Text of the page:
Everything you need to know as a first-time student.
Information and support for postgraduate study.
Courses, supervisors and your life as a researcher.
Discover our campuses, courses and entry requirements.
Step-by-step application guides for our courses.
Get financial support for your studies. Find a scholarship that's right for you.
Options like part-time, external and online study can help you tailor how you learn.
See where our graduates are now, and where your studies can take you.
Our executive education courses give you the skills you need to lead in a fast-paced world.
Boost your career or extend your skills with a short course or unit.
Our free online courses are open to everyone.
We're constantly moving forward in our research output, commercialisation and collaboration. Find out how you can join our research community and bring innovation to the real world.
Considering research with us? Here's what to expect.
Our strengths and achievements, research projects and activity, and research institutes, centres and groups.
Apply for scholarships for research study, or competitive grants as a professional researcher.
Our researchers work in supportive and established networks.
We value and promote integrity and ethical responsibility in all research we conduct.
A selection of world-class research from our research centres and groups.
We collaborate with industry partners to research solutions for real-world problems, and to give our students hands-on experience in the workplace.
Work with our students and graduates, sponsor scholarships, prizes or events, or become an industry partner.
We offer commercial research and consultancy services, research commercialisation, and workplace training and development.
We're working with a range of industry partners and collaborators.
Our customised executive education equips your employees with tools and inspiration to give your organisation a real edge.
We offer short courses to help you advance your career and expand your skills.
Boeing Australia have collaborated on projects with us and provided sponsorship, and their staff have taught in our avionics program.
We are a highly successful and globally positioned Australian university with an applied emphasis in courses and research.
Make a real impact by giving to QUT and supporting our students, researchers and community.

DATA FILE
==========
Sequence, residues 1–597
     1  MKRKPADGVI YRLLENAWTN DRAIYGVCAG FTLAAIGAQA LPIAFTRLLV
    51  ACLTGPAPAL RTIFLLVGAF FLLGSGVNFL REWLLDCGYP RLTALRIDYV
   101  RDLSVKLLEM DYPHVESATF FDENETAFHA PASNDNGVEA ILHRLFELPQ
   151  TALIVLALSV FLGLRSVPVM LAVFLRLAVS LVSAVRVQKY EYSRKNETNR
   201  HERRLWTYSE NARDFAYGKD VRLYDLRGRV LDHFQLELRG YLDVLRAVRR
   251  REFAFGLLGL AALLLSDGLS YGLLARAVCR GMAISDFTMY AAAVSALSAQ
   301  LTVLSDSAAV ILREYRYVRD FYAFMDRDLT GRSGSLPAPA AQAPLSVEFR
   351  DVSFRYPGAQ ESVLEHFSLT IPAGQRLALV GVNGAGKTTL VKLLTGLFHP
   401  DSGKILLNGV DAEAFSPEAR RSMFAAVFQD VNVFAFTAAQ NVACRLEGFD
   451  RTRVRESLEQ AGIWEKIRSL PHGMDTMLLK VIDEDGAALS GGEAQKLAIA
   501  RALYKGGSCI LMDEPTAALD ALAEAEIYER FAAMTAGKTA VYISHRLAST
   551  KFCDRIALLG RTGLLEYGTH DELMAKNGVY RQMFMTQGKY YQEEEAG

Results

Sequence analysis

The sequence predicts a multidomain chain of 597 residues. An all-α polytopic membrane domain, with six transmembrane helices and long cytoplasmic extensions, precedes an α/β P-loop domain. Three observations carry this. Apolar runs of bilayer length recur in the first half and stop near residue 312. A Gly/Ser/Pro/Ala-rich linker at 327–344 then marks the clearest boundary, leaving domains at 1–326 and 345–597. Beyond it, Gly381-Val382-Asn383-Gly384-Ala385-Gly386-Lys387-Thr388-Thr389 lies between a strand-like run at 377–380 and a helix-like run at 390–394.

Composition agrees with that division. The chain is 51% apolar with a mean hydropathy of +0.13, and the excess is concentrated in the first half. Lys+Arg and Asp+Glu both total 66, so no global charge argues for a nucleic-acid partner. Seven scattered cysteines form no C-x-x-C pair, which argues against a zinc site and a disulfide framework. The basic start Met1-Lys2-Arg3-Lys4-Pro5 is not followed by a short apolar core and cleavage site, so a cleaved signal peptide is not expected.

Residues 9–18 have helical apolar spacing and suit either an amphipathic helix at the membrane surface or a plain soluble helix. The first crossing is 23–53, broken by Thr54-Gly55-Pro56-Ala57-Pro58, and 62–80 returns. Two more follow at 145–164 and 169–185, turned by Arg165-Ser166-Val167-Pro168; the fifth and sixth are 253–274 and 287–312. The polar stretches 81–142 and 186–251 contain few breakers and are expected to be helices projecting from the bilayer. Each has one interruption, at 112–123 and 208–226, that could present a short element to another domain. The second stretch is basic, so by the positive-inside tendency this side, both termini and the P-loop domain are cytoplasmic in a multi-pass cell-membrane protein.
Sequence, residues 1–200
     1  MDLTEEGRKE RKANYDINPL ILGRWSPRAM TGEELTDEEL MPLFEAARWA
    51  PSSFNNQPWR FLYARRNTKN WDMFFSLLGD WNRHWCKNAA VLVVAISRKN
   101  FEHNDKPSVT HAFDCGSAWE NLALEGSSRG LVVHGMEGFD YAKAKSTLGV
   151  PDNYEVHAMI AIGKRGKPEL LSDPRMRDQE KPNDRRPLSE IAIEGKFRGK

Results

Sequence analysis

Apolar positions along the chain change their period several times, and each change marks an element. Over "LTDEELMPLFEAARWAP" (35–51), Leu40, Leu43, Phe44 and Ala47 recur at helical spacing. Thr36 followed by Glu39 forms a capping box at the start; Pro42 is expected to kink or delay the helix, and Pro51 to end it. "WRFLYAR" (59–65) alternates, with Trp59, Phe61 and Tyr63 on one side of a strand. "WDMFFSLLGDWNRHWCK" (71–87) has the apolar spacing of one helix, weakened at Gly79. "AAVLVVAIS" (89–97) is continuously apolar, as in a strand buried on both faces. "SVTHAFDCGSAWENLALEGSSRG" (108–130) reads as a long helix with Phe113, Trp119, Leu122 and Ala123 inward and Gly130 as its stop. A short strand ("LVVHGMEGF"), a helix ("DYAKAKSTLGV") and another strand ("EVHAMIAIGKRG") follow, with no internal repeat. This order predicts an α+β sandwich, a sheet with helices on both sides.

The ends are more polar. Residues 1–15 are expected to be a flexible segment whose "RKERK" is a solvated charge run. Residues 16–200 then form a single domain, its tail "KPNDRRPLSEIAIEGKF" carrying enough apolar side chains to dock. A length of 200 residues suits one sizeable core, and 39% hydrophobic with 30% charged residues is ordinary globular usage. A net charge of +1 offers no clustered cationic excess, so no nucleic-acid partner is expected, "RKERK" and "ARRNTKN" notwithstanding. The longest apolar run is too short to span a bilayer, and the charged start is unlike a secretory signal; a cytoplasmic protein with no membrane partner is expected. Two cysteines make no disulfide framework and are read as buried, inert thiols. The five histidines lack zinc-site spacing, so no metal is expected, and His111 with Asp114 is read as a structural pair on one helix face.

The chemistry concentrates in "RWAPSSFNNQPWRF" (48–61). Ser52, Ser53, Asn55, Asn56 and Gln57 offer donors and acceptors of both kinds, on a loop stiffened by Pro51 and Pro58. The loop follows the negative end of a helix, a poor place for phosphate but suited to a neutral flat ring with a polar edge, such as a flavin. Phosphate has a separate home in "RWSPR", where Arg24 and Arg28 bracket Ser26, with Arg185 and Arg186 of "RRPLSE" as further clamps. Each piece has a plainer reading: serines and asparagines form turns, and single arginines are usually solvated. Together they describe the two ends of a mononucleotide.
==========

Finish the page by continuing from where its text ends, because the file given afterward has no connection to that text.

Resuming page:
Our history, key statistics, sustainability initiatives and programs and Indigenous acknowledgement.
Meet our staff and executive team.
Our awards, accreditation details, research rankings and scholarly achievements.
Our plans for expanding our university's achievements in learning, teaching and research.
Policies, procedures and annual reports.
What's on at QUT.
Want to work with us? See available jobs.
Our campuses and facilities, including maps, research locations and public venues.
Email: firstname.lastname@example.org Phone: +61 7 3138 2000
Our graduates run successful businesses, conduct ground-breaking research and make significant contributions to their communities.
We celebrate our alumni with annual awards for graduates and students.
Get involved with QUT by engaging with and supporting our current students.
Once you've graduated, we encourage you to keep in touch with the QUT community and your fellow alumni.
Email: email@example.com Phone: +61 7 3138 4778 Mon-Fri, 8.30am-5pm
Darryl McDonough has been named Alumnus of the Year as well as the Faculty of Law Outstanding Alumni Award Winner.
Step-by-step guide to applying as an international student.
We offer scholarships for international students to help with study and living costs.
You may be able to meet with a QUT staff member or official representative in your city.
Find out more about living and studying in Brisbane.
While you're studying here, you can access a range of support services to help you adjust to life in Brisbane.
Come to QUT for one or two semesters.
Freecall: 1800 181 848 (within Australia)
Phone: +61 3 9627 4853 (outside Australia)
Subscribe for email updates